Emily has a profound need to chase balls and squirrels. They are, apparently, her reason for living (other than loving us, of course). The very DOGNESS of standard poodles are, I swear, the best kept secret of the pure-bred dog world. Why do people breed poodles and labradors? It is soooo redundant--poodles already HAVE the warm, joyous, ohmigoshiloveyousoooooooooomuch personality of the lab and they're just a tiny bit smarter. I will never, ever have anything other than a standard poodle, ever again. (Unless poor Chris dies, in which case I will have a standard poodle AND some cats. Actually, if he dies, I'll probably get like three standard poodles and three cats and turn into one of those crazy old women who have cats and dogs and never go anywhere because they can't find their keys.)
Chris got Earl the Squirrel for Emily for Christmas. I don't know who makes it but it had dog club sticker on it (you know, the one that does all the papers for breed dogs. I'm blanking on the name right now). It is the most phenomenally resilient stuffed dog toy EVER. They should make houses out of this material. Emily has killed and attempted to gut Earl (because he rhymes with squirrel and because, you know the Dixie Chicks song . . . Earl had to die) a million times, and although he's gotten crusty, he's still in one piece. She likes to bring him to unsuspecting visitors so they can huck Earl for her. I was just uploading a photo of recently finished baby sweater and found this photo on the camera:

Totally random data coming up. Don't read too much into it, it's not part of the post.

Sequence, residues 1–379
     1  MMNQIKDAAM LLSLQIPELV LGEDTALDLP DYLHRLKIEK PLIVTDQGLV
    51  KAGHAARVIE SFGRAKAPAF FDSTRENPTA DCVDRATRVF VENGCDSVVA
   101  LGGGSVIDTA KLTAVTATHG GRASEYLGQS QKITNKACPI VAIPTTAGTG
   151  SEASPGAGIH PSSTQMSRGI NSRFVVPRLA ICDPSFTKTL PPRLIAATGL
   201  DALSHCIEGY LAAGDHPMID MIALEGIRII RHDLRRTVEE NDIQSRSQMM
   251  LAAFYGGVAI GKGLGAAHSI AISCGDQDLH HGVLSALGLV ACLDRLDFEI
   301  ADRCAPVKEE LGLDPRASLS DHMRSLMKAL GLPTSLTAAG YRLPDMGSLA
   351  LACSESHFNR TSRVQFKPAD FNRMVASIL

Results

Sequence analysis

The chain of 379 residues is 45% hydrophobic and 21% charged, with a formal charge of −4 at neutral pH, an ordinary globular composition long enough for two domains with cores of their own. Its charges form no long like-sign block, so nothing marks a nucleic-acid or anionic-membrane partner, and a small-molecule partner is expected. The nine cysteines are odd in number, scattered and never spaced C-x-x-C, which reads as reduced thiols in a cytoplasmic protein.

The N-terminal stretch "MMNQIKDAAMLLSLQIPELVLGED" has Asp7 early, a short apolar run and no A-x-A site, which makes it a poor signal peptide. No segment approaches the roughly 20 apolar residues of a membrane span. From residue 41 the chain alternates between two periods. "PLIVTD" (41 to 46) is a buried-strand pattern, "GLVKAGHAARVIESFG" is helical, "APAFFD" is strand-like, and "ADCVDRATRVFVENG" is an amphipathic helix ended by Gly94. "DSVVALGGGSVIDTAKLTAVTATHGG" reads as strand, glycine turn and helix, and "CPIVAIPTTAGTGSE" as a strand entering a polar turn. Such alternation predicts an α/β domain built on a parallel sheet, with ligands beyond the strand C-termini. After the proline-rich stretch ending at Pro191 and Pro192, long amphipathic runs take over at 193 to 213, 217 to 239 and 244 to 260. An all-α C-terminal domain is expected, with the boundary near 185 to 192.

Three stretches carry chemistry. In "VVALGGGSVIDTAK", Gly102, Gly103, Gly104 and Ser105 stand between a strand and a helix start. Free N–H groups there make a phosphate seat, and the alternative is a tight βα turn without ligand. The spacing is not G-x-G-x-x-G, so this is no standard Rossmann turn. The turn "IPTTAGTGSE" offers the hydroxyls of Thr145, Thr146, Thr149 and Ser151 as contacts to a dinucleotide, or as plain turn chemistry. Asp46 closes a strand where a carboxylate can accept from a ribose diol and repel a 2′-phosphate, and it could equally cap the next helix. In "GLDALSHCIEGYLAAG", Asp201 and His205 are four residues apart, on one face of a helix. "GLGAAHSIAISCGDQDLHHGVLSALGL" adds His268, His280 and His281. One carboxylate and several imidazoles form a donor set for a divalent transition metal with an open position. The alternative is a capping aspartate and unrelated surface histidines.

I laughed a mighty laugh and then hoarked it for the blog. [from the family glossary: HOARK: v. to swipe, often gleefully]
Here's that baby sweater: size 6-12 months if you're a big, jovial baby. Size 12-18 months if you're a petite little thing. This was knit for a big baby boy.
It is my favorite baby sweater pattern of all time. I have modified it a smidge because I have the pattern memorized, (not that that keeps me from making stupid mistakes. I did have to rip this back clear to the bottom of the neckline because I, apparently, can't count.)
I can't find my keys. I can't keep up with the housework (no, I mean, it's even worse than normal). I drove to New Jersey on my way to Washington D.C. I can't count my stitches for a baby sweater I've knit 5 or 7 or 9 times. I drive places and forget where I'm going on the way. At what point is it time to see a doctor? I've taken to counting the children every 10 minutes or so like I did when the twins were just starting to walk/run, just so I don't lose one in this pathetic excuse for brain activity!